Tuesday, January 25, 2011

Behavioral Therapy Prevents Recurrences of Cardiovascular Events in Trial

Cognitive-behavioral therapy, with a focus on stress management, is associated with fewer recurrent cardiovascular events in patients with coronary heart disease, according to an Archives of Internal Medicine study.

Some 350 adults who had recently had a coronary heart disease event were randomized to either usual care alone or usual care plus cognitive-behavioral therapy. Psychologists and nurses led 20 2-hour group sessions over 1 year. The therapy emphasized ways to reduce daily stress, time urgency, and hostility.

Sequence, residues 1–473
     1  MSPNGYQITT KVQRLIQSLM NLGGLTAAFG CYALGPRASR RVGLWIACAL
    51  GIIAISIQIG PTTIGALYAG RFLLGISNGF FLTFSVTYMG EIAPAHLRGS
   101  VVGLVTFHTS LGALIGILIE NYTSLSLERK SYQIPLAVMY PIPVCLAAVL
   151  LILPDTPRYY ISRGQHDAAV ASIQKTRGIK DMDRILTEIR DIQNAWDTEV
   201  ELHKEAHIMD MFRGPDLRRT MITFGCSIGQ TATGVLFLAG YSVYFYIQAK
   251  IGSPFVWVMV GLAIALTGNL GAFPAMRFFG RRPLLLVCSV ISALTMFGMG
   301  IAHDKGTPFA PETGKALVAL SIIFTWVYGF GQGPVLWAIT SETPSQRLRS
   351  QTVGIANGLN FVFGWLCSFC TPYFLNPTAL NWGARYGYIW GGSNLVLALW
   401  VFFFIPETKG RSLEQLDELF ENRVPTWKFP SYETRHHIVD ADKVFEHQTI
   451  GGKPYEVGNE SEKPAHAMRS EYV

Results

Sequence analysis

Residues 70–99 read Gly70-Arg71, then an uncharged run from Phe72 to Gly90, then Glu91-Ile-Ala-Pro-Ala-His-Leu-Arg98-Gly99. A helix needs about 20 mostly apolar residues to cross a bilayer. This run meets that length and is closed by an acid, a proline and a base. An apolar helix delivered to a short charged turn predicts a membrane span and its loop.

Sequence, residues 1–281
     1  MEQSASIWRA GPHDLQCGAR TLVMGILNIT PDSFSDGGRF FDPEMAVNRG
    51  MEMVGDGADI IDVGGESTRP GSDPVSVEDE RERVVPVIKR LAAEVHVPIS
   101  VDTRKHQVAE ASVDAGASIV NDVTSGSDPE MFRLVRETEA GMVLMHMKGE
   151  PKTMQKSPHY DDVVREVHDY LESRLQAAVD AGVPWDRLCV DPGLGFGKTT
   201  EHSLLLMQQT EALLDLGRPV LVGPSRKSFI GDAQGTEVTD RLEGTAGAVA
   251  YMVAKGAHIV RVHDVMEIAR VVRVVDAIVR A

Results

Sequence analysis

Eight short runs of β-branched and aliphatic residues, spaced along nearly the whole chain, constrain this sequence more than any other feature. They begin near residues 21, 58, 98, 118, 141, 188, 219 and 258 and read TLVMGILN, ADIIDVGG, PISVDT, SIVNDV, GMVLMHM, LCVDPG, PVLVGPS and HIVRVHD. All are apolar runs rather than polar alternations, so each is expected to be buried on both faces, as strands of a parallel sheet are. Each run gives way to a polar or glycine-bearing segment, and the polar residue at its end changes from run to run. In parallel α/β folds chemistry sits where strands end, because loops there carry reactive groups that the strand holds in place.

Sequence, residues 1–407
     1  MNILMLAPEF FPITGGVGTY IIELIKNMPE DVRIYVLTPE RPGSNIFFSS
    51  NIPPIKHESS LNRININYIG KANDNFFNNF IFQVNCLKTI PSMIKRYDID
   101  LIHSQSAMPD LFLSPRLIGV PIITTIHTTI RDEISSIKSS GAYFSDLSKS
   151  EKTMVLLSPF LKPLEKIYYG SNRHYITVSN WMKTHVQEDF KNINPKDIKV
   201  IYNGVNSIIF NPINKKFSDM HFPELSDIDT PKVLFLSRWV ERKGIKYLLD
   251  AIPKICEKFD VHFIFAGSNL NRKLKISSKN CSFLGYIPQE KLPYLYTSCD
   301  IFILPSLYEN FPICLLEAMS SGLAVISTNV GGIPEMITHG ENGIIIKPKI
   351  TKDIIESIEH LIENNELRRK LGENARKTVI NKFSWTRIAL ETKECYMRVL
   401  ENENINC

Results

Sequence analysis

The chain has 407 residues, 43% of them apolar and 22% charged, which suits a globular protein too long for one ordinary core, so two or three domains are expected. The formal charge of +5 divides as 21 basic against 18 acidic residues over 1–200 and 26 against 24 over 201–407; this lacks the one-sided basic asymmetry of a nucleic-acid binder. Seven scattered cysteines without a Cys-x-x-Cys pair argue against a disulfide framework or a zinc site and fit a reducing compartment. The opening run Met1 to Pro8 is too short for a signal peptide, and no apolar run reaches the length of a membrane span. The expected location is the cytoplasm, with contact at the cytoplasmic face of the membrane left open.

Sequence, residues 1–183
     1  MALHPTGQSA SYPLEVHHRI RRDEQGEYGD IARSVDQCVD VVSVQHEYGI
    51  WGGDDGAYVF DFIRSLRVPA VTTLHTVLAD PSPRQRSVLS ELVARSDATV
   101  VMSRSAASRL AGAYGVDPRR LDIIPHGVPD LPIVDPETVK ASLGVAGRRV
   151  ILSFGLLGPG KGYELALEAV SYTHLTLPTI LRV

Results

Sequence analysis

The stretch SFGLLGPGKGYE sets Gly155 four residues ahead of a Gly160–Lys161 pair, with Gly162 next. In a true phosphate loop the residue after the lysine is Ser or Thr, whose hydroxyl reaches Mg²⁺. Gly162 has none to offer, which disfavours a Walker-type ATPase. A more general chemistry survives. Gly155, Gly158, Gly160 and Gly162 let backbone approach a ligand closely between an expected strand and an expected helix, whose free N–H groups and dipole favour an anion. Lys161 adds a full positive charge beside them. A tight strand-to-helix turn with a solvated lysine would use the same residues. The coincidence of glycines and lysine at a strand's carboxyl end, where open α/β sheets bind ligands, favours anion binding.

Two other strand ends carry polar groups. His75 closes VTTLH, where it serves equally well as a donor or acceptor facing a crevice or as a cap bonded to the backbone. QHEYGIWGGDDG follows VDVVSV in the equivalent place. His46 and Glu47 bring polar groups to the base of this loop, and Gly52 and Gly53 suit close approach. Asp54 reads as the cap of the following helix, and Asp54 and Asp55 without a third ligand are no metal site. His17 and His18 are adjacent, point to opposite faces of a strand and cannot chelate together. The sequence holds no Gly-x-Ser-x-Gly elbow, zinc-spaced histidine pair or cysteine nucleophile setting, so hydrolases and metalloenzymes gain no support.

Over 8 years' follow-up, the intervention group experienced 41% fewer first recurrent cardiovascular events and 45% fewer recurrent myocardial infarctions, compared with the control group. All-cause mortality did not differ significantly between groups.

The authors speculate that the CBT group may have reduced their behavioral and emotional reactivity, "which would lead to less psychophysiologic burden on the cardiovascular system." They estimate that roughly 10 people would need to be treated in order to prevent one cardiovascular event.

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